Updated from 9:41 a.m. EST
U.S. stocks were soaring Monday, following an announcement that
had secured government aid that would help prevent a breakup of the enormous and troubled bank.
Dow Jones Industrial Average
was climbing 286 points to 8333, and the
was adding 30 points to 830. The
gained 54 points at 1438.
On Friday, stocks fluctuated sharply throughout the day before staging a late rally that coincided with reports that President-elect Barack Obama would select New York
to run the Treasury Department. Reports also indicated Monday that former Treasury Secretary Lawrence Summers would head the National Economic Council.
Over the weekend, the Treasury, the Fed and the Federal Deposit Insurance Corp. announced they would move to
prop up Citigroup
in part by investing $20 billion of the $700 billion Troubled Asset Relief Program in Citi shares. The large stake follows an earlier $25 billion TARP investment from the government. The agencies also said they will guarantee against up to $306 billion in potential loan losses by the bank.
Shares of Citi had dropped 60% in the past week on concerns about its ability to survive the credit crunch intact and on Friday, Citi executives reportedly denied speculation that the bank would sell all or part of itself to raise capital. On Monday, the stock rebounded early, gaining more than 50% on the bailout news.
Government aid for Citi is reassuring in that it shows that the government is willing to help vital institutions stay afloat as the credit crisis continues, said Richard Sparks, senior equity analyst at Schaeffer's Investment Research. However, the need for intervention underscores challenges faced by other large institutions, he said.
Investors were also heartened by the incoming administration's efforts to bolster the faltering economy. The transition team of President-elect Barack Obama said on Sunday it is working on an
to help avert the worst of an emerging downturn. Details of the plan include possibly allowing President Bush's tax plan to remain in place and legislation that would add or replace 2.5 million American jobs.
Sparks of Schaeffer's said that the Obama team's quick moves to put a team in place and quickly develop a plan of action helps remove some uncertainty related to the presidential transition, but "The biggest uncertainty is how widespread, and how hard-hitting, will the aftermath of the crisis be."
Financial institutions continued to feel shocks related to the credit crisis. News of the Obama plan came after three banks, including
, failed on Friday.
Pessimism about the future of other U.S. companies persisted, as
at Citigroup cut their price target for the S&P 500 to 850, and cut their 2009 target for the index to 1200.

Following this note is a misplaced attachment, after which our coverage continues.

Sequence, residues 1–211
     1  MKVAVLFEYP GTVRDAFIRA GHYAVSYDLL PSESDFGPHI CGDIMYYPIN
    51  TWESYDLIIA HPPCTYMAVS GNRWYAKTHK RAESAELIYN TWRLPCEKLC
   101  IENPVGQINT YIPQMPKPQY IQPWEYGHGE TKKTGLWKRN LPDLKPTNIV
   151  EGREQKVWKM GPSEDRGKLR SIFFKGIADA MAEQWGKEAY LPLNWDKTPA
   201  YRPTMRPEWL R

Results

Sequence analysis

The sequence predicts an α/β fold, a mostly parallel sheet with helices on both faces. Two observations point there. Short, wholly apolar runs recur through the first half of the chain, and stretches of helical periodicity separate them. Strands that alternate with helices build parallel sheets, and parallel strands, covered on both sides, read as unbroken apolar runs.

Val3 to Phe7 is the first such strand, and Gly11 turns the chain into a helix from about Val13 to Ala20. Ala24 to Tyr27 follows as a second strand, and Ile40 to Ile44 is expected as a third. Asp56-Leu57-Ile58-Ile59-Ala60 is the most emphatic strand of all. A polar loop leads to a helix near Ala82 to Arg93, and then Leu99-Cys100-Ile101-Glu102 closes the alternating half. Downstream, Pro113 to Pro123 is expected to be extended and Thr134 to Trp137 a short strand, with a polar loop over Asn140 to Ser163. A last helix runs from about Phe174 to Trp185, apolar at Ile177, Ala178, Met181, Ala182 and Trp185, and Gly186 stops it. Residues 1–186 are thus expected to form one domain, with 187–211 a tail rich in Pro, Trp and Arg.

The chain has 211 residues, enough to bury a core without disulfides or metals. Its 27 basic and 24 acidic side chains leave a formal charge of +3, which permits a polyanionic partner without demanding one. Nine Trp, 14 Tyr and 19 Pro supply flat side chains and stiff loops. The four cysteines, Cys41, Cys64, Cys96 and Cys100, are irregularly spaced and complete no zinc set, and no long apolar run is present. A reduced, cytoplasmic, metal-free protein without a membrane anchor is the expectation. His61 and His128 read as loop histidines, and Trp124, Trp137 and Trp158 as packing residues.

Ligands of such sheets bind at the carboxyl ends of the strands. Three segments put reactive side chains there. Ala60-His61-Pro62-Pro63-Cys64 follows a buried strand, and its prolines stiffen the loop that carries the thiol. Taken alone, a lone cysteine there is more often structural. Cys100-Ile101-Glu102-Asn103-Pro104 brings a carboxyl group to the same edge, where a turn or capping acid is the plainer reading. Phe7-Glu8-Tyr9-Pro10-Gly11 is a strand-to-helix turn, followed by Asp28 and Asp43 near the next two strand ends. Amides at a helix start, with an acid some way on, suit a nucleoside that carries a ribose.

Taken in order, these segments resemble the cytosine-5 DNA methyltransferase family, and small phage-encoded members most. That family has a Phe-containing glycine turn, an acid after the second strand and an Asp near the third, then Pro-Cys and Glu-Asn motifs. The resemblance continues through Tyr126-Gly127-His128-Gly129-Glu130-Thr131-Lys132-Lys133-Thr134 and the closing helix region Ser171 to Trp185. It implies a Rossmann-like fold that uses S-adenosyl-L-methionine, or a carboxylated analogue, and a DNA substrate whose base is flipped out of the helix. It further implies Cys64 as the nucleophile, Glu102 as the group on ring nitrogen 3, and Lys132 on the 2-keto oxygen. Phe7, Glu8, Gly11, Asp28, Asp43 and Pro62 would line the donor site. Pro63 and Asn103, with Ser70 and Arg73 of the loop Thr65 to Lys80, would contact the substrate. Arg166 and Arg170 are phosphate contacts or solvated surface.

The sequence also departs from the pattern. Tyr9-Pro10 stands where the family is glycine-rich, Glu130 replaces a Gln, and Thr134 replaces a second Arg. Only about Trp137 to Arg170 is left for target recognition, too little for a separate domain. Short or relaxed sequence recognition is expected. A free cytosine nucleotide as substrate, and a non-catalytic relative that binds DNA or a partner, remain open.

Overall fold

The market's recent upward movements are to be expected, given a broader downtrend, said Sparks. "I don't know if I would at this point call
the recent rally anything important or even significant.
The troubled automakers continued to make headlines, as
, which along with
took large hits last week as they failed to secure a bailout from Congress, is trying to reduce its debt and delay a large payment to a union health fund. The report indicated that such a move is an effort to meet conditions that the company retool its business if it hopes to get government money.
On Saturday, a report by
The Wall Street Journal
, citing people familiar with the matter, said that GM's board was now open to a possible bankruptcy filing. The board's reported position puts it in opposition to CEO Rick Wagoner, who has repeatedly stressed that he was not considering bankruptcy protection.
As to corporate earnings,
saw increasing fiscal first-quarter earnings per share but said a stronger dollar would hurt international sales.
also affirmed that it has sufficient capital and offered profit guidance that was in line with analysts' expectations.
In the merger arena,
Johnson & Johnson
announced it would buy
for $438 million, or $25 a share, in cash.
Among other deals,
agreed to be bought by
for $1.6 billion in cash.
Looking at the day's economic data,
October existing-home sales
from the National Association of Realtors came in at an annual rate of 4.98 million, down from 5.14 million in September and slightly below economists' forecasts.
Ian Shepherdson, chief U.S. economist for High Frequency economics, wrote in an email that the National Association of Retailers believes about 45% of home transactions are foreclosure-related. "The private market is still very weak indeed, and the next few months represent a severe test in the wake of the plunge in stocks and consumer confidence," he said.
As to commodities, crude oil was climbing $1.53 to $51.46 a barrel. Gold was gaining $32 to $823.80 an ounce.
Longer-dated U.S. Treasury securities were falling in price. The 10-year was down 26/32, yielding 3.29%, and the 30-year was off 1-6/32 to yield 3.75%. The dollar was weakening against the euro and pound but rising vs. the yen.
Abroad, European exchanges including the FTSE in London and the DAX in Frankfurt were marking gains. In
, Japan's Nikkei was closed for a holiday. Hong Kong's Hang Seng index finished with losses.